When it is clear that abuse has become an addiction, or when the consequences of a substance use disorder are too overwhelming to ignore, it is time to connect with a detox center that is equipped to fully treat all the issues facing the person in crisis. With so many treatment options to choose from, it is not always easy to identify the program that will be most effective for your needs.

As with the experience of detox and the timeline associated with Vyvanse withdrawal symptoms, no single detox program will work optimally for everyone.

However, it is always recommended that patients who need treatment seek out a detox program that provides:

  • Medical evaluation at the onset of treatment
  • Ongoing medical monitoring throughout detox
  • Treatment for co-occurring mental health disorders
  • Peer support
  • Option of continuing with treatment for as long as necessary
  • Aftercare support and follow-up in the months

ACCESS ADDICTION AND DETOX TREATMENT TODAY

If someone you love is risking their health and wellness with continued use and abuse of Vyvanse, do not wait to reach out and ask for help. Start with your doctor, someone who knows your loved one’s medical and drug history if possible. Ask about what specifics you should look for in a detox program, and make a note of the features and treatment options the doctor suggests.

Next, reach out to your insurance company. Take the time to research your options and determine what it is covered and in what amounts. The more information you have about what you can expect from your insurance company regarding coverage and what you will need to cover out of pocket, the better equipped you will be to choose the best possible detox and treatment program for your loved one.

Finally, make the call. Pick up the phone and speak to a treatment consultant about the types of programs available and what therapies and treatments your loved one can take part in.

Ask about:

  • Types of therapies and treatments available
  • Experience and education of the substance abuse professionals
  • What support services are available to family
  • What evaluation and testing options available
  • What schedule of treatment is offered to clients
  • If there is flexibility in adjusting the treatment plan

Make today the day you reach out for help on behalf of your loved one.

YOU SHOULD CALL THE PALM BEACH INSTITUTE AT (855)-534-3574 TODAY TO SPEAK WITH OUR ADDICTION SPECIALISTS WHO WILL BE AVAILABLE 24/7 TO GUIDE YOU TOWARD THE TREATMENT BEST FIT FOR YOU.

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Sources

(May 2010) Lisdexamfetamine Dimesylate (Vyvanse), A Prodrug Stimulant for Attention-Deficit/Hyperactivity Disorder. Pharmacy & Therapeutics. from https://www.ncbi.nlm.nih.gov/pmc/articles/PMC2873712/

(June 2018) Prescription Stimulants. National Institute on Drug Abuse. from https://www.drugabuse.gov/publications/drugfacts/prescription-stimulants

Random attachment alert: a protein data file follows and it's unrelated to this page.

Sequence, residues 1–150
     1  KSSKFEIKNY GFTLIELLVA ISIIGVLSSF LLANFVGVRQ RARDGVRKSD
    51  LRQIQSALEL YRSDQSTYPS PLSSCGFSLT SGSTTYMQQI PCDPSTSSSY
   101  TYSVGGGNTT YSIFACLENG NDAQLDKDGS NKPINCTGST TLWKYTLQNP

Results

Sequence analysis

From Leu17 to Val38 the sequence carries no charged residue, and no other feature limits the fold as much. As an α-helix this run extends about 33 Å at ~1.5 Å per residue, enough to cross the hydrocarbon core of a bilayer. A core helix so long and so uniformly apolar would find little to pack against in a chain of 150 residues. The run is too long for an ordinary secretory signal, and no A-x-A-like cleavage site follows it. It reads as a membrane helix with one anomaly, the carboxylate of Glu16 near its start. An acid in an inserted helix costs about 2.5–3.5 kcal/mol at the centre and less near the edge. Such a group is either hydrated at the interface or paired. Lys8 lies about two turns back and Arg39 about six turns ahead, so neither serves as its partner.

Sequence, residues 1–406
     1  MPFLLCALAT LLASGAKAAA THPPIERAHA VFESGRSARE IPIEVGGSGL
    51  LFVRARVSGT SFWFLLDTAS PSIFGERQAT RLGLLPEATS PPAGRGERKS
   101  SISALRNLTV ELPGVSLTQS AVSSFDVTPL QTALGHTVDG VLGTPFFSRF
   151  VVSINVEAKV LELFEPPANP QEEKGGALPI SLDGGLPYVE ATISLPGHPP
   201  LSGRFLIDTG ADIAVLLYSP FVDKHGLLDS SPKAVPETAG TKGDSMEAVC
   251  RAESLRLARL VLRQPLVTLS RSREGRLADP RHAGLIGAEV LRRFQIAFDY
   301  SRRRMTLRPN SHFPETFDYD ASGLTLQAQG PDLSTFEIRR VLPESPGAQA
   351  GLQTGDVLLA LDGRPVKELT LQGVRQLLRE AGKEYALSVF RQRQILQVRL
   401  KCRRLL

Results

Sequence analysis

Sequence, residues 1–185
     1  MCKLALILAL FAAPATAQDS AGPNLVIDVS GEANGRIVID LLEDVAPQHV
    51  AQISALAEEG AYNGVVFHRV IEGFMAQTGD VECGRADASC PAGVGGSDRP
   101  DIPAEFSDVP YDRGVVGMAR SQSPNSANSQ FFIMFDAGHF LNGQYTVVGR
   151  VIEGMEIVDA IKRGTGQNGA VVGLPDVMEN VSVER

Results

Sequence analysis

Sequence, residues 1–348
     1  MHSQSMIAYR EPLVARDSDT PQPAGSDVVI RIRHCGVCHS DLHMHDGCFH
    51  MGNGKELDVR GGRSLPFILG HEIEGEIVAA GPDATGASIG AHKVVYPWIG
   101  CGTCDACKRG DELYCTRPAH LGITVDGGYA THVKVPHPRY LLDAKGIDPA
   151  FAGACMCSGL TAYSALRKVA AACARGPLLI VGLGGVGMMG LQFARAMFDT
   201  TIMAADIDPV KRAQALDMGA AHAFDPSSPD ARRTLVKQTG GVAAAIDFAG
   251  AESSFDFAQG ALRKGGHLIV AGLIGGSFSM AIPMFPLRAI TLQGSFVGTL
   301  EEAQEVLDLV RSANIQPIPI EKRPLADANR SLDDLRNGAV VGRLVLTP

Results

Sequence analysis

(September 2012) Prescription stimulants in individuals with and without attention deficit hyperactivity disorder: misuse, cognitive impact, and adverse effects. Brain and Behavior. from https://www.ncbi.nlm.nih.gov/pmc/articles/PMC3489818/

(September 2016) Prescription Drug Use and Misuse in the United States: Results from the 2015 National Survey on Drug Use and Health. Substance Abuse and Mental Health Services Administration. from https://www.samhsa.gov/data/sites/default/files/NSDUH-FFR2-2015/NSDUH-FFR2-2015.htm

Emerging Trends in Prescription Stimulants Indicated for Treatment of Attention-Deficit/Hyperactivity Disorder: Mississippi, 2011 and 2014. Mississippi State Department of Health. from https://msdh.ms.gov/msdhsite/index.cfm/31,7620,382,740,pdf/ADHDPrescriptions2012.pdf

(June 2017) Vyvanse Crash: What It Is and How to Deal with It. Healthline. from https://www.healthline.com/health/adhd/vyvanse-crash#withdrawal

(May 2011) Bulimia Nervosa Among Methamphetamine Dependent Adults: Association With Outcomes 3 Years After Treatment. Eating Disorders. from https://www.ncbi.nlm.nih.gov/pmc/articles/PMC3159413/

(2008) Substance Use Disorders in Children and Adolescents With Attention-Deficit/Hyperactivity Disorder: Implications for Treatment and the Role of the Primary Care Physician. The Primary Care Companion to the Journal of Clinical Psychiatry. from https://www.ncbi.nlm.nih.gov/pmc/articles/PMC2446489/

(September 2013) Assessing prescription stimulant use, misuse and diversion among youth 10 to 18 years of age. Current Opinion in Psychiatry. from https://www.ncbi.nlm.nih.gov/pmc/articles/PMC5832028/

(January 2016) ADHD-specific stimulant misuse, mood, anxiety, and stress in college-age women at high risk for or with eating disorders. Journal of American College Health. from https://www.ncbi.nlm.nih.gov/pmc/articles/PMC4904716/

Vyvanse (lisdexamfetamine dimesylate). U.S. Food and Drug Administration. from https://www.accessdata.fda.gov/drugsatfda_docs/label/2007/021977lbl.pdf

(April 2018) Coping with a Vyvanse Crash. Medical News Today. from https://www.medicalnewstoday.com/articles/321489.php